Bolivia, with approx. 40% of the economy under some kind of state-ownership, closed 2018 with one of the highest growth rates in the world:

As the article states:

The economic model followed by Bolivia is based on the Social Community Production, supported by a strong participation of the State in strategic sectors, which goes against the recommendations made by the IMF, which looks for the suppression of subsidies and the reduction of public investments. The Bolivian economy registered on average a growth of 4.9 percent in the period 2006-2017, where more than three million people left poverty. The GDP registered a growth of 4.2 percent last year, according to the 2017 Bolivian Economy Report.

Economic inequality (as measured by the GINI Index) has also drastically reduced under Morales (he was elected in 2006):

All of this makes it clear that the economic policies of the Morales government have been extremely successful in growing the economy and drastically reducing poverty, all while combating neoliberalism and imperialism.

Social Reforms and Achievements

The Morales government has also succeeded in implementing very successful social reforms, particularly in the areas of education and racial issues.

Bolivia has succeeded in becoming only the third nation in Latin America (after Venezuela and Cuba) to be declared “free of illiteracy”:

This was achieved via educational programs inspired by the Cuban model.

In addition, the Bolivian government has made great strides in fighting racism against the indigenous population of Bolivia (Morales himself is the first president of Bolivia from the indigenous population):

As the article states:

The government of Bolivia has made “great progress” in the last ten years in its fight against institutional and structural racism and discrimination, the Office of the United Nations High Commissioner for Human Rights, announced Tuesday in an official statement.

The government has also sought to combat gender inequality and discrimination:

The Morales government has succeeded in making great strides in terms of various social issues in Bolivia.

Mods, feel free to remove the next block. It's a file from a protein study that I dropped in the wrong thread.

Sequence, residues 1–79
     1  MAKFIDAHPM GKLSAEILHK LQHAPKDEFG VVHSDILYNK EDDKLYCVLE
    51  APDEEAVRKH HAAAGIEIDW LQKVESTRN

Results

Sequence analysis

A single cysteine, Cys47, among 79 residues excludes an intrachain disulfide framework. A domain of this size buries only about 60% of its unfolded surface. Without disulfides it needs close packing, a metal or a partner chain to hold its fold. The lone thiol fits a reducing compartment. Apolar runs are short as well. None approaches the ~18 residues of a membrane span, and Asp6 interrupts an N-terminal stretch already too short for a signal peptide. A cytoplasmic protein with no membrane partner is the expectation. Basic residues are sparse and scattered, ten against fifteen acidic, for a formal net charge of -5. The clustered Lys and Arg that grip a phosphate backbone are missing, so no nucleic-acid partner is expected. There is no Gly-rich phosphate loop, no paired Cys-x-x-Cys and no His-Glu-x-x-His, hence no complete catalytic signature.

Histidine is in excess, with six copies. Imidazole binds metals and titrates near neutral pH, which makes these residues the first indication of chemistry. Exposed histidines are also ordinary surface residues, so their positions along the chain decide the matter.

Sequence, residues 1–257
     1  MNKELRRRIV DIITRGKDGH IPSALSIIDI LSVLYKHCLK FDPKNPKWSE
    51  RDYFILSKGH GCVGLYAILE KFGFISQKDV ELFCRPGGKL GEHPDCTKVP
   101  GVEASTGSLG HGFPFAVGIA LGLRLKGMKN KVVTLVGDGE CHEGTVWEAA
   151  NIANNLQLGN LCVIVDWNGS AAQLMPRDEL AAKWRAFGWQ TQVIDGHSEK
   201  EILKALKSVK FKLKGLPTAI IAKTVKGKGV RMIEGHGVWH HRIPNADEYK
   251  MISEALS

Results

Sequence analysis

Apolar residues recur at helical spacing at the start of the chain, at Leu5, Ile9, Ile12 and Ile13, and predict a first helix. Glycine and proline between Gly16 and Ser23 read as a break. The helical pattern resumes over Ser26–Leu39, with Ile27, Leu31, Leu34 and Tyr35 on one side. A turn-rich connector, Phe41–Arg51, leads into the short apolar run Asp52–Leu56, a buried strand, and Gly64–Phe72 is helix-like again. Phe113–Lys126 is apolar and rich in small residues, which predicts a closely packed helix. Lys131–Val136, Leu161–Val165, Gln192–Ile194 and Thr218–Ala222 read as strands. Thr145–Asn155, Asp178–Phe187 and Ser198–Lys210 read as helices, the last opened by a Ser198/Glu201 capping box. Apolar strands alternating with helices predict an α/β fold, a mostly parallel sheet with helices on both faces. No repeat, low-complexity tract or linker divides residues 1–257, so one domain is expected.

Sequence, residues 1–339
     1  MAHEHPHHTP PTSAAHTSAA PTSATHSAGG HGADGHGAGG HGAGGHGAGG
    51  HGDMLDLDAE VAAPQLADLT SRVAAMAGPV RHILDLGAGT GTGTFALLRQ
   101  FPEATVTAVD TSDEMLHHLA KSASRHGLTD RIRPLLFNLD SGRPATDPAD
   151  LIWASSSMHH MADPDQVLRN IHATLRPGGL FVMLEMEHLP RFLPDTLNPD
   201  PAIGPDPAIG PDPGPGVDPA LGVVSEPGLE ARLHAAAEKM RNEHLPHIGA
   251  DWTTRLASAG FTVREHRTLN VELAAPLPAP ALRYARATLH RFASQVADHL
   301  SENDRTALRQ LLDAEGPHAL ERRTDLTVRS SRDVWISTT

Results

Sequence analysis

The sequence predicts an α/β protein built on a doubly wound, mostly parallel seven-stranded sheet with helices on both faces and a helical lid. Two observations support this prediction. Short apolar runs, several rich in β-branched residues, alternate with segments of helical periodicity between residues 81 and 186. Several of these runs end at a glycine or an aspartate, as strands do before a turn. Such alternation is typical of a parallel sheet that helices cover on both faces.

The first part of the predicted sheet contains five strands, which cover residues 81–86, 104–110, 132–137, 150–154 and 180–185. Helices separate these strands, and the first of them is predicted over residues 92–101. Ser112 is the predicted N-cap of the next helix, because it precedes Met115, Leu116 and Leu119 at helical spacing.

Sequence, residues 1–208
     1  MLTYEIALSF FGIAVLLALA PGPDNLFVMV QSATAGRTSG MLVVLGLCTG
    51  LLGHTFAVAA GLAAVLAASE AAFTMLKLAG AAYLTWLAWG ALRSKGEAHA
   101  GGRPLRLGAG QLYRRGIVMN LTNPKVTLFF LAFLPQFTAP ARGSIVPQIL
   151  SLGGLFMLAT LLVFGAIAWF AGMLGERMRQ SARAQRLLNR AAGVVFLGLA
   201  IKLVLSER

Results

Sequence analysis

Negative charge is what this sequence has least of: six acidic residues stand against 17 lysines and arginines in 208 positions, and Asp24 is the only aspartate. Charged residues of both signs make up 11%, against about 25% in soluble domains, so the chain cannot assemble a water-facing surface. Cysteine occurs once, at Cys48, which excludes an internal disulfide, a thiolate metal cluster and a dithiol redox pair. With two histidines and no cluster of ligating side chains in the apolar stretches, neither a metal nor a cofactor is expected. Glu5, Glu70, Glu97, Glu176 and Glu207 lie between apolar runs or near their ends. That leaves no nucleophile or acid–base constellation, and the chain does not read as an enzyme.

Foreign Policy and Anti-Imperialism

The Morales government has consistently stood in solidarity with the Cuban and Venezuelan governments, and in opposition to neoliberal capitalism and US imperialism.

In 2005, Morales visited Cuba, receiving full honors from Fidel Castro. While there, he signed an agreement in which Cuba promised Bolivia aid in health and education, and Morales referred to Castro and Hugo Chavez as “the commanders of the forces for the liberation of the Americas and the world.”

The government has sought to promote anti-imperialism, even opening an explicitly “anti-imperialist and anti-capitalist” military school for their officers:

As the article states:

“If the empire teaches domination of the world from its military schools, we will learn from this school to free ourselves from imperial oppression,” the country’s first indigenous president said at an inauguration ceremony on Wednesday.

“We want to build anti-colonial and anti-capitalist thinking with this school that binds the armed forces to social movements and counteracts the influence of the School of the Americas that always saw the indigenous as internal enemies,” he told a crowd that included the defense ministers of Venezuela and Nicaragua.

@ComradeCorv
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(2/2)

Earlier this year, Morales attended the swearing-in of Venezuelan President Nicolas Maduro:

Morales has stated his admiration of, and solidarity with, the Sandinista government, referring explicitly to their 1979 revolution:

Morales has maintained a close relationship with the Cuban government. As mentioned above, he has received full honors from Fidel Castro, signed an aid agreement with the Cuban government, and even traveled to Cuba for medical treatment (as Hugo Chavez did):

Hugo Chavez was also a major supporter of Morales. The two met in 2006, and affirmed their solidarity, as well as securing a trade deal:

Morales has also repeatedly denounced American imperialism at the United Nations:

Morales’ government has made great strides in standing up to US imperialism and global neoliberalism, as well as supporting various leftist governments.

Conclusion

While Morales may not be as far-left as we would like, it is clear from the above that his government (much like that of Hugo Chavez) has made a number of extremely impressive achievements. His policies have slashed poverty and deprivation, combated various social ills, and focused strongly on anti-imperialism and international solidarity.

In 2012, John Crabtree and Ann Chaplin described the results of their interviews with the Bolivian people, in which they asked them for their opinion on Morales. They stated that:

For many — perhaps most — Bolivians, this was a period when ordinary people felt the benefits of policy in ways that had not been the case for decades, if ever.

That is something which we can all appreciate.

@ComradeCorv